to adhere to an earnest deference for their statements, but, actually,
later he contradicts his own assertions, building a confutation inspired
by different criteria. He selects the most extremist epicurean
arguments, and submits them to a simplification, neglecting their
theoretical hints or pointing out the most drastic consequences of
them. Plutarch leaves out instead some reference to basic aspects,
which are, however, not very susceptible to debate aspects. He
excerpts statements from their original context and distorts their
meaning with an astute or not careful use of the epicurean
terminology, making clever insertions in order to discredit the others
view: the insertion of the epicurean quotes, for the most part
paraphrased, concur to belittle the hJdonhv. Disregarding any
preliminary remarks of methodological rigor, Plutarch doesnt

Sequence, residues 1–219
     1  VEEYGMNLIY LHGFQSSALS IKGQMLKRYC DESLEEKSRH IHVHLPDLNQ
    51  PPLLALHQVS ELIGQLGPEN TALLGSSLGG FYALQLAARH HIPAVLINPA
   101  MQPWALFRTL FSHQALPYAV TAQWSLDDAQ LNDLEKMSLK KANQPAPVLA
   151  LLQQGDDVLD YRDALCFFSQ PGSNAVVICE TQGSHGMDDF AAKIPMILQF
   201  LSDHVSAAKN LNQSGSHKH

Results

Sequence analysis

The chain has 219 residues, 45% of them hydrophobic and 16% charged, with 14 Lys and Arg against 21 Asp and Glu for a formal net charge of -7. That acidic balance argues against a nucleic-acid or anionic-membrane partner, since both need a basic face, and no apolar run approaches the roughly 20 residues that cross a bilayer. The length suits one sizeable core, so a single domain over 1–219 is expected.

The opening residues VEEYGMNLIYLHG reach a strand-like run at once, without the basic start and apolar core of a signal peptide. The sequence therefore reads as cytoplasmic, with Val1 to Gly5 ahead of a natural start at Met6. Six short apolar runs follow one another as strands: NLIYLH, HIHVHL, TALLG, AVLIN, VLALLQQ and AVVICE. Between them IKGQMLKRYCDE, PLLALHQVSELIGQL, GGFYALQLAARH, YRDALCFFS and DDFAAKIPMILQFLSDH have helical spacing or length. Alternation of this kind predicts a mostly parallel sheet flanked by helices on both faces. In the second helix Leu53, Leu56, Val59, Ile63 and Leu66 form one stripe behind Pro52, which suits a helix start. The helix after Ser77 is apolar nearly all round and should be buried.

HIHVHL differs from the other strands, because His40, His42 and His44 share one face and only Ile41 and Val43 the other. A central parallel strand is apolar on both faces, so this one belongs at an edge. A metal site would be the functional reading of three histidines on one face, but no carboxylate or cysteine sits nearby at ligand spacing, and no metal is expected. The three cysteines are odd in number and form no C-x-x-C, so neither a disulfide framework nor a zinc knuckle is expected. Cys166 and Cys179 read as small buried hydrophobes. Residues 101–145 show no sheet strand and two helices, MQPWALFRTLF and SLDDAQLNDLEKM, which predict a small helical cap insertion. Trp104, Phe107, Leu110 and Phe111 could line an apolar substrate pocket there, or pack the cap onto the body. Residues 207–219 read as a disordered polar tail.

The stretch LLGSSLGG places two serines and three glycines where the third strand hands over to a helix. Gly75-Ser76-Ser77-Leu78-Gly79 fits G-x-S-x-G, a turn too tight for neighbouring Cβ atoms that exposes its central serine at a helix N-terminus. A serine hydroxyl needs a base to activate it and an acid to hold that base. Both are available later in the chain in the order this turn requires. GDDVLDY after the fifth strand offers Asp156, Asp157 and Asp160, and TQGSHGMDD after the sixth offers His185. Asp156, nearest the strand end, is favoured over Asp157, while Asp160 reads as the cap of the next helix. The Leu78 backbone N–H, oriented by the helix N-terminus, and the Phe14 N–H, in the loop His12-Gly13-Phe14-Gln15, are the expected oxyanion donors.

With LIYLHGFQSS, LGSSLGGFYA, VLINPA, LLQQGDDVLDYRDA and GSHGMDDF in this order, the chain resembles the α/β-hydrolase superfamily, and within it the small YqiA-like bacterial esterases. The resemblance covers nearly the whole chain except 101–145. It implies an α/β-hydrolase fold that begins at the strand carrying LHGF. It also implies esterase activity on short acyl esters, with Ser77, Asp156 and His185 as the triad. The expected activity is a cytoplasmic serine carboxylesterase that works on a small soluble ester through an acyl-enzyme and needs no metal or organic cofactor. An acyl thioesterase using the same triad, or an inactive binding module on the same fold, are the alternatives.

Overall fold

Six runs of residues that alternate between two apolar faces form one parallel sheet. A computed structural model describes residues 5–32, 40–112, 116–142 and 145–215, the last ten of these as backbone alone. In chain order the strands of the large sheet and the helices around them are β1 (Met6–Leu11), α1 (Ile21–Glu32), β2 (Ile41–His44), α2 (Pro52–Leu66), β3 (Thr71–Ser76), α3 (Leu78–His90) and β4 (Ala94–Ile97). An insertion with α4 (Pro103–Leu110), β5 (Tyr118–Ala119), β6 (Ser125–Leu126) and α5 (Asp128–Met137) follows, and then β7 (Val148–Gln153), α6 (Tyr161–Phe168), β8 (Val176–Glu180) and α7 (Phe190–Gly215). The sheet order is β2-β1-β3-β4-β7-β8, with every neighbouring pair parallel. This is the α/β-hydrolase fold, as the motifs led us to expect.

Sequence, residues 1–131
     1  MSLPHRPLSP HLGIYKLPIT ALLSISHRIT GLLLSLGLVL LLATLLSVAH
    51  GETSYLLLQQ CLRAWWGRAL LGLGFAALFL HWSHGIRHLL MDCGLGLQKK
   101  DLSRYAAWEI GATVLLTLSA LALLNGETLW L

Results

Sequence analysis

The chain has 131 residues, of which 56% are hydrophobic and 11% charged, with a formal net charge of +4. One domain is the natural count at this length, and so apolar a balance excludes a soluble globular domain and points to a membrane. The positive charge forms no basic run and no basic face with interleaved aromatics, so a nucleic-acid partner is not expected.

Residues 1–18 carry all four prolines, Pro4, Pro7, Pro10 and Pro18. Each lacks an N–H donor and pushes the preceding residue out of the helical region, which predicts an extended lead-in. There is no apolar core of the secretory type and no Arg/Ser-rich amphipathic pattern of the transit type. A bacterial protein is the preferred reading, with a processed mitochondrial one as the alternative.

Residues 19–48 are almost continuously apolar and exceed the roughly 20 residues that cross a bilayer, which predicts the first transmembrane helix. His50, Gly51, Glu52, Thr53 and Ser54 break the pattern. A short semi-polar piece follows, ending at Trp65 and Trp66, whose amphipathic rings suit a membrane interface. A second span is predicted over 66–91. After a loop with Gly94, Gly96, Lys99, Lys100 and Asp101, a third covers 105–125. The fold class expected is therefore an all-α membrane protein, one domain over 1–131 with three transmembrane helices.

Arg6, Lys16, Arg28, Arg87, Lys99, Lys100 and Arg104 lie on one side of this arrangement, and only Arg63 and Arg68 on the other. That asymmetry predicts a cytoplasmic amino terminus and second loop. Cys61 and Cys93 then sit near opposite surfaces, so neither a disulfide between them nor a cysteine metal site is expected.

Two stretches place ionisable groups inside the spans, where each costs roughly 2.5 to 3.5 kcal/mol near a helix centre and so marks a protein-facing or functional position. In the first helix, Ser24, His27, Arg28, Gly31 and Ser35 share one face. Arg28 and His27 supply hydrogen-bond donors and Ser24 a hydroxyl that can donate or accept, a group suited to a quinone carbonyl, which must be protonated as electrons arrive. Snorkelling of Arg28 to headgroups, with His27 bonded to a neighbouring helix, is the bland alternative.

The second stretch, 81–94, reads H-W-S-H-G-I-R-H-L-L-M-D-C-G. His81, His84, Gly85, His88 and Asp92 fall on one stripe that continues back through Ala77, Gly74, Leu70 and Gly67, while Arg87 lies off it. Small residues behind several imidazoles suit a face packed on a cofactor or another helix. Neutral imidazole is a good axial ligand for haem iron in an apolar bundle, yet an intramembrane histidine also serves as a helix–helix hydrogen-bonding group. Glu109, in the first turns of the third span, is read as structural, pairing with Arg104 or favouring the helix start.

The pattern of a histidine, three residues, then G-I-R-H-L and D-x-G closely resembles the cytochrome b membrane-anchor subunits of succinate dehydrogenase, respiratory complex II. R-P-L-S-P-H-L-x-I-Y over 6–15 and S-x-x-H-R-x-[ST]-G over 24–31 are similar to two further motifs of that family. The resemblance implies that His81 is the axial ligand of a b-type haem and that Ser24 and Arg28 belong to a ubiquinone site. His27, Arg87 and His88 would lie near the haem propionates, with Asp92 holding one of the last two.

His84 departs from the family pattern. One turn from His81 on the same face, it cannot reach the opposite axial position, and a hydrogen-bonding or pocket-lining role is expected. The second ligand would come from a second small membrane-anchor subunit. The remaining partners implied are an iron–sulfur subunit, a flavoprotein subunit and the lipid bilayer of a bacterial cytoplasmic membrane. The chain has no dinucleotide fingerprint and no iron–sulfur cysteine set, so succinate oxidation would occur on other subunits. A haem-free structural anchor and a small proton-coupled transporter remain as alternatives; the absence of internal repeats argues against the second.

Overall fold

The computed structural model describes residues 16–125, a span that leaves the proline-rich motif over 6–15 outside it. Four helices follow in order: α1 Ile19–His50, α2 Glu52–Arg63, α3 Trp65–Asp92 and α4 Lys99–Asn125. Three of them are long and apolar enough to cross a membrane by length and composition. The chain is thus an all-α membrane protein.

construct his challenge on the basis of objections based on a meditated
and objective examination of the epicurean doctrine, in fact he makes
use of not very orthodox stratagems: reversal of the arguments against
his opponents, distortion of their thought, deliberate trivializing of
their doctrines. Furthermore, Plutarch uses the weapons of the subtle
irony or of the explicit sarcasm to denigrate his opponents,
introducing them as foolish and arrogant, lacking of tact and
moderation, envious and mean-minded persons, only leaned to the
satisfaction of the most elementary needs and fanatical followers of an
objectionable doctrine with ridiculous results, whose limits they
would be essentially aware. Those strategies cooperate in firmly
distancing not only Theons audience but also Plutarchs reader, from
the Epicureans, relegating to the background the out-and-out
doctrinaire challenge. The emotional factor of the confutation gets rich
of references to the common experience, which induce the audience,
involved in the exposition through the fatic functions of the language,
to conceive as unwise the epicurean statements. Plutarchs confutation
rests also on a skilful use of quotations, reported in a literary form or

in a paraphrase or simply through an allusion, decontextualized and

rifunctionalized in the new context: they concur to lend polemical